Thank you for your comments. I personally value your opinion on this particular installment. Your entry today can be a rejoinder to what I said in this issue. In fact, I will ask Chessville.com folks to add a link to this entry.

I repeat my bold assertion that the two things you alluded in today’s entry would surely make anyone reach Expert. There was a time in my playing as well that I would not blunder if there was enough clock time to employ the Purdy system.

There was also a point where my chess eyes would be quick to spot tactical opportunities. Your experience corroborates my assertion that those two would get almost any one to Expert level.

By the way, my system is an enhanced version of the Purdy system. But he is credited for largely influencing my own view on tactics theory. I believe it is okay to plagiarize ideas in chess. Grandmasters copy each other’s opening innovations all the time.

Whether players like it or not, they use some thinking algorithm in their move selection. Some use an ad hoc process but most use the knee jerk process. I simply formalized it.

In the next installment, I will write about using the system in spotting and exploiting tactical opportunities. Most players are good at solving puzzles especially when cued that a tactical opportunity exists.

The process as explained in the last column was its application in a static position. The process is abbreviated during the actual game because the general reconnaissance is done from move one. And your awareness of the latent threats are keen. You simply have to update the reconnaissance data.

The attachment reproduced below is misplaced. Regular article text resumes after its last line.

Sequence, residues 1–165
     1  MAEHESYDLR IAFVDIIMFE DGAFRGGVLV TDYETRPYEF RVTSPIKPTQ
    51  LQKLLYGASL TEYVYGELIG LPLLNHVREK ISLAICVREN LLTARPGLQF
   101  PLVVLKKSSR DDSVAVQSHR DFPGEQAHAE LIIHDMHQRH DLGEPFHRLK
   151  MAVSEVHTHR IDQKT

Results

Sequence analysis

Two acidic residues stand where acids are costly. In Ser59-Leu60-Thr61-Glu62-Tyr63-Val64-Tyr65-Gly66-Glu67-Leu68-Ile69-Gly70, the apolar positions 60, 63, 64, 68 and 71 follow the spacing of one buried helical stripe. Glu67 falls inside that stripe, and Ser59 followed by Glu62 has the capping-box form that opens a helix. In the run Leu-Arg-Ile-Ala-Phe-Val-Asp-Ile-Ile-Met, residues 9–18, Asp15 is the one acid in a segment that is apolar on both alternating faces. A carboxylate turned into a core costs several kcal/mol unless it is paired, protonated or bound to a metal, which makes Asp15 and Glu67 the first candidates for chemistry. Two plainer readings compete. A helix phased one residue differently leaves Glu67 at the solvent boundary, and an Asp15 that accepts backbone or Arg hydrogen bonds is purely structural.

The other aspect of this is to identify those critical points during the game where one must employ the process in its purest form. No shortcuts. Knowing these critical points are the marks of chess mastery. I will expound on this as well in the future issues. The system works well during these critical points. I should say that a strict application of the system should be undertaken only at these critical points in the interest of time.

One must be reminded that I am not diminishing the role of strategy within the system and its direct influence in the creation of tactical opportunities.

Silman’s theory on imbalances permeates my strategy and planning thinking.

There is no one blanket answer to your question about time management. That is why my system ranks the severity of the threats so you can focus on the severest one to avoid being bogged down by the process. Do you remember my loss to McEntee at the US Qualifier? I avoided the blunders and won material but lost the game on time.



Kelly Atkins April 29, 2008 at 10:39 am

I agree that a potential problem with Andy’s system is getting into time trouble… at least in the early stages of applying it to your own play. I think though, that Andy’s system, and similar ones, eventually become second nature and require significantly less time after gaining experience using them. Also, as you pointed out, experience teaches us when we need to fully apply all the steps and when we can do an abbreviated version. The main thing is that this system is a method of training ourselves to look at all the important features, especially tactical ones, in each position and eliminate those stupid blunders that throw away material.


Kelly Atkins April 29, 2008 at 10:55 am

I agree that applying this system or similar ones can lead to time trouble in the beginning, but once mastered, the process becomes second nature and automatic, taking MUCH less time. Also, as you mention, experience will allow us to know when all the steps need to be applied fully, or when we can do an abbreviated form.

I think the important thing is that this system trains you to focus your attention and look at all the important tactical features of each position. This will lead to a huge decrease in oversights & material-losing blunders.